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HTTP/2 and server push support #1349

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merged 21 commits into from Jan 2, 2016

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arteam commented Nov 21, 2015

This PR adds support for HTTP/2 over TLS, HTTP/2 plain text connections and server push to Dropwizard. This is based on the work in Jetty 9.3 branch.

We use to have SPDY support, but this protocol is completelty deprecated and supressed by
HTTP/2. Jetty 9.3.* now provides only HTTP/2 support. One important distinction from SPDY is that HTTP/2 can work over TLS, as well as over a plain connection. The latter connection type is not supported by major browsers, but could be useful for internal network installations or for handling non-enctypted traffic from load balancers.

This PR provides two connection factories for each connection type. HTTP/2 over TLS has http2 key, HTTP/2 over plain text - http2c.

Other important feature is support for the server push techonology. The server can send additional
resources along with the requested resource to clients on a single response. This could be a big
perfomance optimization for web pages that contain many static assets.

Jetty has ServerPushFilter which provides a good heuristic for determining primary and additinal resources. It uses URI from the Referer header and request timestamps to guess that resources are linked with each other. This change adds a simple factory for enabling this filter from the configuration. By default it's disabled.

@arteam arteam added the feature label Nov 21, 2015

@arteam arteam added this to the 1.0.0 milestone Nov 21, 2015

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jplock commented Nov 22, 2015

What needs to be done to have JerseyClient support HTTP/2? Is it just a matter of waiting until its been upgraded?

This is great work by the way. I've been following https://github.com/grpc/grpc-java for awhile and I'm excited about having HTTP/2 support in Dropwizard.

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arteam commented Nov 22, 2015

Yes, JerseyClient and Apache HttpClient don't support HTTP/2 currently.

I know 3 Java client HTTP/2 libraries:

I like the first one from Jetty, because:

  • It provides an asynchronous API;
  • h2 and h2c support;
  • Has the same core as jetty-http2-server. It provides a good interopability with the server implementation. Despite that HTTP/2 is a standart, there could be some idiosyncrasy .
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jplock commented Nov 22, 2015

Yea, I agree using the Jetty Http2Client is the best choice for now. Thanks!

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brentryan commented Nov 23, 2015

Have you guys looked into switching to retrofit for clients instead? It uses OkHttp under the hood and has nice async features.

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arteam commented Nov 24, 2015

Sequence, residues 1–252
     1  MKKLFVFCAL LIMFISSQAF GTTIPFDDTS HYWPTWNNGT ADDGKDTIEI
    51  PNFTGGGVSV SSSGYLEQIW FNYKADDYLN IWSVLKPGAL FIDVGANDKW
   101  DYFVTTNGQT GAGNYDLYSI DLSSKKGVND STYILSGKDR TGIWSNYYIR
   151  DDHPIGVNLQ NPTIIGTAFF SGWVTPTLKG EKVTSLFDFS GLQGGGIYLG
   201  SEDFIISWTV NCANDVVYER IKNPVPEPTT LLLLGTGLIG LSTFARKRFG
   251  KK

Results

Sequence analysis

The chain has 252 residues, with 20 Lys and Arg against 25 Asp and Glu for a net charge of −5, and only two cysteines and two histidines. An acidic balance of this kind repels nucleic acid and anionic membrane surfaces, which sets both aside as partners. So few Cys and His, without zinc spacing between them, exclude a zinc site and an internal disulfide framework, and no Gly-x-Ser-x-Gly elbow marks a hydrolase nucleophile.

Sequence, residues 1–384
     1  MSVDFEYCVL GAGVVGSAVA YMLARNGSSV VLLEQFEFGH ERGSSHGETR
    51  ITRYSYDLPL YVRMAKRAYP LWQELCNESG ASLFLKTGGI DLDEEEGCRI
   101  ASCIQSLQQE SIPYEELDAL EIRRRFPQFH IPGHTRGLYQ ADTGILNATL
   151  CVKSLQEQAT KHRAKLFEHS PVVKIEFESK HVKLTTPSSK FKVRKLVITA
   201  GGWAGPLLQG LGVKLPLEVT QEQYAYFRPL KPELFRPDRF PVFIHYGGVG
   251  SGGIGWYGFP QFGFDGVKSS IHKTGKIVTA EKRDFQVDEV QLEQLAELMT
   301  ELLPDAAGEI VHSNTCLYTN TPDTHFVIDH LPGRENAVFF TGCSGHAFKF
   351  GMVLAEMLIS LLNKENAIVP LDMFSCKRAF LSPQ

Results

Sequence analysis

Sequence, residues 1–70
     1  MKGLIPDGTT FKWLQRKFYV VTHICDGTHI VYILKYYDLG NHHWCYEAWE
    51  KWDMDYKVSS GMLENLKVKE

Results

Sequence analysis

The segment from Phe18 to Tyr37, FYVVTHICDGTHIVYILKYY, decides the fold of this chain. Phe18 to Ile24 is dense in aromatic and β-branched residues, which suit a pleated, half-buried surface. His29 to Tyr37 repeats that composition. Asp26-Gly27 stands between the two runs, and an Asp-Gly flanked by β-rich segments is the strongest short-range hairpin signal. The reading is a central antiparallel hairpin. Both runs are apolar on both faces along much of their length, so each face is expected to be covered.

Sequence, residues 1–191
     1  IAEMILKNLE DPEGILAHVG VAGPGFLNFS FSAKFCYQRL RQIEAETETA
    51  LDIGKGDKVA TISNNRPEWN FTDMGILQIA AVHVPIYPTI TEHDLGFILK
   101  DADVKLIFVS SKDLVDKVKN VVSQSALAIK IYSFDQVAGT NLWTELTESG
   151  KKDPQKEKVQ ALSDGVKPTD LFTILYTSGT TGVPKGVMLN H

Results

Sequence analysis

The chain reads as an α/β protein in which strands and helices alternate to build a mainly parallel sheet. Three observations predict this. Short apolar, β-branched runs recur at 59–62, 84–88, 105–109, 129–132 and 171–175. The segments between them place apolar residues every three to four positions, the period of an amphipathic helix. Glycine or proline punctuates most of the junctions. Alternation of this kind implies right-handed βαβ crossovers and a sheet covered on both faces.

Have you guys looked into switching to retrofit for clients instead? It uses OkHttp under the hood and has nice async features.

Personally, I don't like OkHttp and Retrofit much, because they are developed for Android in the first place. Currently they run on OpenJDK/HotSpot, but maintainers could drop its support in any time.

Yes, the library has a fluent API and code quality is really good. Nevertheless, I wouldn't pull it into the Dropwizard core. But we open to add any integration to the list of 3rd party modules, if anyone develop it.

// request with an Upgrade header with "h2c" value. The server supports HTTP/2 clear text connections,
// so it will return the predefined HTTP/2 preamble and the client and the server will switch to the
// new protocol.
return buildConnector(server, new ScheduledExecutorScheduler(), buildBufferPool(), name, threadPool,

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Should this ScheduledExecutorScheduler() be Managed so its stopped and started alongside Jetty?

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It implements Scheduler which in turn extends LifeCycle. It will be closed along with the connector.

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brentryan commented Nov 25, 2015

@arteam why does it matter what they developed the http client for if it works better, has clean code, is resilient, and has decent perf when compared to anything else out there. It runs fine on oracle jdk as well so I'm confused by your comment.

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jplock commented Nov 25, 2015

@arteam was there anything else you'd like to add to this, otherwise I think its ready for merging? Any other feedback @dropwizard/committers? This is great. Glad to see this get into 1.0.

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arteam commented Nov 25, 2015

I'm think that the PR is ready to merge. But I would wait for another feedback from @dropwizard/committers, because it's a quite a big change and I could miss something.